Ms. Kamuyu enters wearing a leotard, and a full Victorian-era skirt. Hung from the ceiling are bird cages with nude Barbie dolls in them. There is also one nude Ken doll in one of the cages. Talk about Western symbols of beauty. The skirt is iconic. A symbol of patriarchal Western beauty. Moving slowly, like a cat, with high extensions, she seems content with this image she has. But then she begins to clutch at the skirt as if to question herself. She pulls the skirt up and examines her feet and legs. Are her feet good enough? Are her legs good enough? She then begins to explore her social and emotional space. Test the waters of the Western illusion she is beginning to realize she has been living. She even develops a swagger, spiraling her body left and then right. Flipping her hand across her shoulder as if to brush off any negative commentary about her “image of perfection” and then turning to look at her shadow on the wall as if to reaffirm her image to herself. She bows to her shadow. She embraces herself. But then reality begins to set in. The movement becomes jagged and percussive as the conflict builds. With a fury and rapid fits of rebellion she fights her way out of the skirt…that symbol of Western “beauty”… But she can’t seem to break away. Is it Afros or hot combs? She smiles at the audience…or a potential suitor. “Hi how are you? Do you think I am beautiful?” Then the skirt comes off. She begins to discover herself. But no sooner than that happens she goes through Western-defined sexual rejection. The lights go dark and the real struggle and questioning begins.
Under the skirt she has been wearing ruffled bloomers. Another Victorian-era symbol. Under the symbol there has been another symbol. A cacophony of whispers and laughter ensues in the soundtrack. Yes…there are critics everywhere. But this is then overridden by the angelic voices of an African children’s choir. A reminder of who she really is…and slowly…she begins to accept that.
The second piece, “Stand Still”, danced by Rachael Ahn Harbert was a preview of an evening-length work in the making. Ms. Harbert starts out by introducing herself to the audience…literally….and then she gets 14 volunteers from the audience to join her in the dance space. They become part of her dance landscape, which also consists of mirrors, two large and rectangular, and one small and round. All on the floor, along with a 3-minute hourglass. She then gives each of the 14 audience members onstage a small round mirror to hold. And because the piece is called “Stand Still”, she instructs the audience members to do just that.
In the first section of the piece, which she called “Death”, wearing a flesh colored top and shorts, she somersaults onto the floor, landing on her back, and uses her finger to monitor her pulse rate at her neck…and while the 3-minute hourglass runs out, she dies. Watched by 14 impassive onlookers.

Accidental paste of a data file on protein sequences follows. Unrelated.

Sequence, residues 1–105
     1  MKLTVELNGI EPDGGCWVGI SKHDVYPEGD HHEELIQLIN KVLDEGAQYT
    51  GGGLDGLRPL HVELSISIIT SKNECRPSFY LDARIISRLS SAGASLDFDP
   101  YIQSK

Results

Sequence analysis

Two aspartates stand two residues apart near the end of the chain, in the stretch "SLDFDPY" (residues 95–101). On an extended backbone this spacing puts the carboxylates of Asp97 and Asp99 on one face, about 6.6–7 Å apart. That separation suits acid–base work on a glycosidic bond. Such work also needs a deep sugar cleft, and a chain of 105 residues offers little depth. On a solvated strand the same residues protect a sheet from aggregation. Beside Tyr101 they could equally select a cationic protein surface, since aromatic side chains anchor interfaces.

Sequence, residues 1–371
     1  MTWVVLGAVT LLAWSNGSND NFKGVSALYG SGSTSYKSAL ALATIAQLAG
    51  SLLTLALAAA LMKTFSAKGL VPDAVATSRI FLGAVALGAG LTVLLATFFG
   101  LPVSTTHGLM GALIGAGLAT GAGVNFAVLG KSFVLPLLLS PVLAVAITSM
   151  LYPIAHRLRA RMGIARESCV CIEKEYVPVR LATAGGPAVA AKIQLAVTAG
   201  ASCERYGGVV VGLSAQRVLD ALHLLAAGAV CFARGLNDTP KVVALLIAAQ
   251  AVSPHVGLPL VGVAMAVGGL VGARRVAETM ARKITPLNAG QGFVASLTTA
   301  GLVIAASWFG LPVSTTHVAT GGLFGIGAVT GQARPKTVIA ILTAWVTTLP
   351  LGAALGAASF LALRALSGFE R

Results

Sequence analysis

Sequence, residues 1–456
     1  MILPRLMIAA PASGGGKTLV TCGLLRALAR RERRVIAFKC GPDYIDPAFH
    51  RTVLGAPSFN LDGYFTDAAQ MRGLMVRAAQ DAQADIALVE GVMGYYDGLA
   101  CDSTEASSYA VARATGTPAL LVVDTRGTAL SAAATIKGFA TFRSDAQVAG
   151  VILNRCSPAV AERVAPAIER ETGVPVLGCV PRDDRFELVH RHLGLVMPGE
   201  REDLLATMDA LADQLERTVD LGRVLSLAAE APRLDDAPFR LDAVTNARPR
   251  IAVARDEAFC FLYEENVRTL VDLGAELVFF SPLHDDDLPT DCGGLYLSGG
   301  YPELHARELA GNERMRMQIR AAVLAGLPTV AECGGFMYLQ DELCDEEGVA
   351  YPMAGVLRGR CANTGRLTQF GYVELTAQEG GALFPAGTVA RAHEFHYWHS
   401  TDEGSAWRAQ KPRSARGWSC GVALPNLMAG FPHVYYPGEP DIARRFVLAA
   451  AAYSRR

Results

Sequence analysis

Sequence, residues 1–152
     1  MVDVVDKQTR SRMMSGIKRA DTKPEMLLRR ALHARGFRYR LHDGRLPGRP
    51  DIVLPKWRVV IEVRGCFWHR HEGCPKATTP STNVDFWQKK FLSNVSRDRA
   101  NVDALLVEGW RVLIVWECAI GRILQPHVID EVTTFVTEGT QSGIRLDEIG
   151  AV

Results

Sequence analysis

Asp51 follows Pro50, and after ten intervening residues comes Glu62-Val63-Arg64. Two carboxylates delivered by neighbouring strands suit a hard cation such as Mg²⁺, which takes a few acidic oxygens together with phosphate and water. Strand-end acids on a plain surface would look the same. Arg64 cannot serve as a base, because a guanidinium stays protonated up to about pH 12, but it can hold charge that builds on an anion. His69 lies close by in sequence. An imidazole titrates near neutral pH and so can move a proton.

In the next section of the piece, which she called “While You Were Sleeping”, she binds her 14 onlookers. In the center of the Art Lab J dance space, there are three poles. Seven of the onlookers stood on either side of the center pole, and between the two end poles. She strings a black rope around all three poles, gliding around, behind, and between her onlookers, totally immobilizing them. After all, when you are told to “stand still”, you are verbally being immobilized. You are being prevented from moving in space. But the ropes and poles also resembled telegraph wires. It could be said that if you are being told to “stand still” you are not to communicate with your fellow man. But at the same time, the people doing the immobilizing are free to move around, behind and through you.
In the last section of the piece, “Hall Of Mirrors”, she used the mirrors on the floor to beg the question, if you are looking at the floor, you see the floor, but if there is a mirror on the floor, and you are looking into it, are you seeing additional space? Can you move in that space? Indeed, and with her 14 “onlookers” holding mirrors, were they also seeing additional space?
The third piece of the evening, “play” was performed by radical child. Danced by Alexander Dones. With music by Samuel Beckett and Richard Wagner. What happens when you listen to the voices in your subconscious mind? And how are those voices compounded by what you hear in your conscious mind? Mr. Dones turned himself inside out. He dove headlong into this labyrinth of confusion, moving powerfully about the room. The voices took him into the air, onto the floor, into turns, put smiles on his face, frowns, and periodically caused him to hook himself in his mouth and pull his head back in supplication. If you pay attention to and react to everything your hear, your actions become frenzied. One action leads to another, and they don’t always lead you down a logical path. Life can be like that. And Mr. Dones showed that.
Kudos to Joori Jung and the staff at ArtLabJ for allowing such cutting-edge dance work to be presented in Detoit.